Arlington Park's thoroughbred racing season is scheduled to open this Friday. But a contract dispute is threatening to disrupt racing this weekend.

The dispute involves the track owners and the Illinois Thoroughbred Horsemen's Association.

The main issue in the dispute involves the use of the simulcast of Arlington races by other tracks and off-track betting facilities. The ITHA and Arlington Park haven't reached an agreement on their contract for this year.

The main difference people coming to the races on Friday will notice is fewer horses out on the track. Only three of the races for that day are full. But for those coming on Saturday, unless there is a resolution, there is a real possibility people won't be able to wager on the Kentucky Derby.

"We continue to negotiate in good faith. It's going to be resolved. These things have a way of working themselves out," said Arlington Park spokesperson Howard Sudberry.

The main sticking point seems to be over who should control the simulcast signals to other states.

"Horsemen in every state have a federally protected right to control the export of their signal, meaning the transmission of their video to other locations around the country. And that right allows them so say no to any specific location," said ITHA's Glen Berman.

Right now, in a show of solidarity, the Kentucky horsemen's association has said no to Illinois. With the Kentucky Derby set for Saturday, that would mean people at Illinois off-track betting sites won't be able to bet on races at Churchill Downs. That's a lot of money lost, and so, Arlington Park has told owners that as of now purse money will be reduced by 20 percent.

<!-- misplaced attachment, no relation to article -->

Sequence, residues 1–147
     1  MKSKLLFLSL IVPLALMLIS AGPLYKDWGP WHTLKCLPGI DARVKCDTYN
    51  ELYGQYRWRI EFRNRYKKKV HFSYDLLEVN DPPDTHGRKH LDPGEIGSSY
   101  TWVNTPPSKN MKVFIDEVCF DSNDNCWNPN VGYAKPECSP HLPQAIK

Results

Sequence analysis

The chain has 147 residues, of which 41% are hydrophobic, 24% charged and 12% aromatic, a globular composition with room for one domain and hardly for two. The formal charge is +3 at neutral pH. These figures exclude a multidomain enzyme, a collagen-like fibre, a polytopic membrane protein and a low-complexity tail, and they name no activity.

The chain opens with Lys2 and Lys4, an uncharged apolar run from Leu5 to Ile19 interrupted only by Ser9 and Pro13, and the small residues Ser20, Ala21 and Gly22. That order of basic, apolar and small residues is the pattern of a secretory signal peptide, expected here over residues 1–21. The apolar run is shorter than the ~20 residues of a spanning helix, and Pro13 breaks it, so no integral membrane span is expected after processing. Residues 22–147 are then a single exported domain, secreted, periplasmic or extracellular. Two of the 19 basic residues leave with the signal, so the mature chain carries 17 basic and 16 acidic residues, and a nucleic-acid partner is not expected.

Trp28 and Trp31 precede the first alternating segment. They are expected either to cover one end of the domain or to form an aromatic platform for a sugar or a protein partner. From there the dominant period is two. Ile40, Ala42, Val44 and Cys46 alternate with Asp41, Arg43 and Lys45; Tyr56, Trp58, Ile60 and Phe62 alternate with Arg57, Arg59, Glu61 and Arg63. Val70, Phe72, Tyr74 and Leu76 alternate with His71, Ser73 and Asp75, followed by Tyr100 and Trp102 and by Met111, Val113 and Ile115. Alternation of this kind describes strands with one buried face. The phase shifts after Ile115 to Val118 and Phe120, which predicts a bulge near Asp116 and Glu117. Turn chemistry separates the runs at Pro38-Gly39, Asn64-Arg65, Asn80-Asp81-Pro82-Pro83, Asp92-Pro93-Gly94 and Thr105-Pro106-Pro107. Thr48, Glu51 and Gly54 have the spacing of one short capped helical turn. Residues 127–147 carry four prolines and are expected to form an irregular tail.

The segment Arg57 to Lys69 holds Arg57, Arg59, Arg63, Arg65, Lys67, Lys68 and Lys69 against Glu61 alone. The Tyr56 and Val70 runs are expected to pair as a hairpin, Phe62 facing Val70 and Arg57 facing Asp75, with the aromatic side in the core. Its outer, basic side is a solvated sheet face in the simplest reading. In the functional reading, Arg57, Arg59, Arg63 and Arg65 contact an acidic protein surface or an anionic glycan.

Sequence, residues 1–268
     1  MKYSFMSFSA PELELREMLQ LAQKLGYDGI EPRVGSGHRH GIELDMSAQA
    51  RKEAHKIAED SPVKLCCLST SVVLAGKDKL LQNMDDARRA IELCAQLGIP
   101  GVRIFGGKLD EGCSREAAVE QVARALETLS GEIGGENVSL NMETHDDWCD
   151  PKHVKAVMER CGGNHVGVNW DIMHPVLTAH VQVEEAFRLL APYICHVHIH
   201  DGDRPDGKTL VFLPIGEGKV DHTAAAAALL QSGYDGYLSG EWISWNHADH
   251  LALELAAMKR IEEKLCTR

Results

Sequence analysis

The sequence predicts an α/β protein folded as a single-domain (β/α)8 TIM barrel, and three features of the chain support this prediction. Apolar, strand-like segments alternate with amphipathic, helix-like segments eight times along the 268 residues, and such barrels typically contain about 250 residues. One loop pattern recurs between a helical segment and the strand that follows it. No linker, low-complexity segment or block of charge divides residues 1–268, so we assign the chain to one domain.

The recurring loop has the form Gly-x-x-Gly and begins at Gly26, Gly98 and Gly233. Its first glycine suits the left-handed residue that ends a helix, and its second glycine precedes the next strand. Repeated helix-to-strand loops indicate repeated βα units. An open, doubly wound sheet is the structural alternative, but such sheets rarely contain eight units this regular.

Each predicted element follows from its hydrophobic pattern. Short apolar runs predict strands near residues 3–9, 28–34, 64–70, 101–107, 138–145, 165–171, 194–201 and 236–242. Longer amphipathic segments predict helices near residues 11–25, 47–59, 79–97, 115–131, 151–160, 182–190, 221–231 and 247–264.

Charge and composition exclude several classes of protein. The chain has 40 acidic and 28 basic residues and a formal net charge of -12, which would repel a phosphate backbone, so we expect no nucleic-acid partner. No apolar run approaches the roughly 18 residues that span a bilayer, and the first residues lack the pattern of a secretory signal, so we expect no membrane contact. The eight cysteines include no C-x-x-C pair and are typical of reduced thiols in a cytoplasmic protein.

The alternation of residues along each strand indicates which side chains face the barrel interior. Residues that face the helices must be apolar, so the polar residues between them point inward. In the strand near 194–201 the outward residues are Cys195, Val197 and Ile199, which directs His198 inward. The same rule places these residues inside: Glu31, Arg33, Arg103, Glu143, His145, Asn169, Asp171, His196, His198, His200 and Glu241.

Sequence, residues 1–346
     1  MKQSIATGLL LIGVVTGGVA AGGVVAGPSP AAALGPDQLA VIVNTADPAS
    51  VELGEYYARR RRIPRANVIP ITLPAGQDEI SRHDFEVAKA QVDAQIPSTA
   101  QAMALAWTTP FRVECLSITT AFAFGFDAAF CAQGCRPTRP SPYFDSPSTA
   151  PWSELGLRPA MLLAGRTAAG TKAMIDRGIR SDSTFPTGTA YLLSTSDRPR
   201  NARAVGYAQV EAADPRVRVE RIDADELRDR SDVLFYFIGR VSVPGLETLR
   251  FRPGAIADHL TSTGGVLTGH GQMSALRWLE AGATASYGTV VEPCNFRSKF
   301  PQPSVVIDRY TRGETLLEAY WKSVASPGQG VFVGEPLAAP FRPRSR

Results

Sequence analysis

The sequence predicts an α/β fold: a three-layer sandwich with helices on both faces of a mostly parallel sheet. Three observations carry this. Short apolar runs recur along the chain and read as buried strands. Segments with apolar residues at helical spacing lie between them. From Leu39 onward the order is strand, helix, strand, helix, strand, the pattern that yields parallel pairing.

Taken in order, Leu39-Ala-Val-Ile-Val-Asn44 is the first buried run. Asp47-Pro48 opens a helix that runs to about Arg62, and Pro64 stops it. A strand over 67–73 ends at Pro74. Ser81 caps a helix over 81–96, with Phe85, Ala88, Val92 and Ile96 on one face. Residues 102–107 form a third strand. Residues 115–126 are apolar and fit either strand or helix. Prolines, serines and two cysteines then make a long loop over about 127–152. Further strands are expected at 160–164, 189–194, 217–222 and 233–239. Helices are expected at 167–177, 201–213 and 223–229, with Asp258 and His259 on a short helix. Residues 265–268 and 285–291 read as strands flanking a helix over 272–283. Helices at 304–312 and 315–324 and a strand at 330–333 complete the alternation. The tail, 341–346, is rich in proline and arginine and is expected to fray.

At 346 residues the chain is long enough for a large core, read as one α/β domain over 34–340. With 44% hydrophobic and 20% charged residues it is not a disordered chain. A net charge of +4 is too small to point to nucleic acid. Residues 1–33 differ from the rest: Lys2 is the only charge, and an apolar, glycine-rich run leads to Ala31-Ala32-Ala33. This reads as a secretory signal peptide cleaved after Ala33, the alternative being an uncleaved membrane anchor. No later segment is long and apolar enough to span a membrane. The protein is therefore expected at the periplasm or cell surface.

The ITHA isn't happy.

"We received $26 million to purse account," said Berman. "So there is plenty of money in purse account to pay purses at the level that Arlington has advertised for this season."

The popularity of horse racing has declined significantly. Attendance nationwide is down 30 percent over the last 10 years, and wagering both on and off the track is down to just over $10 billion a year. That is the lowest it has been since 1995.

The current dispute reflects the fight over declining revenues, but shouldn't affect the enjoyment of those who will be at Arlington on opening day.

"I don't think it changes everything else, the enjoyment of being there, the excitement of being at the races, and all the other positive aspects of racing that make it such a great sport," said Sudberry.

Both sides were meeting again Wednesday afternoon and both seemed optimistic that they have some form of a contract by this weekend.

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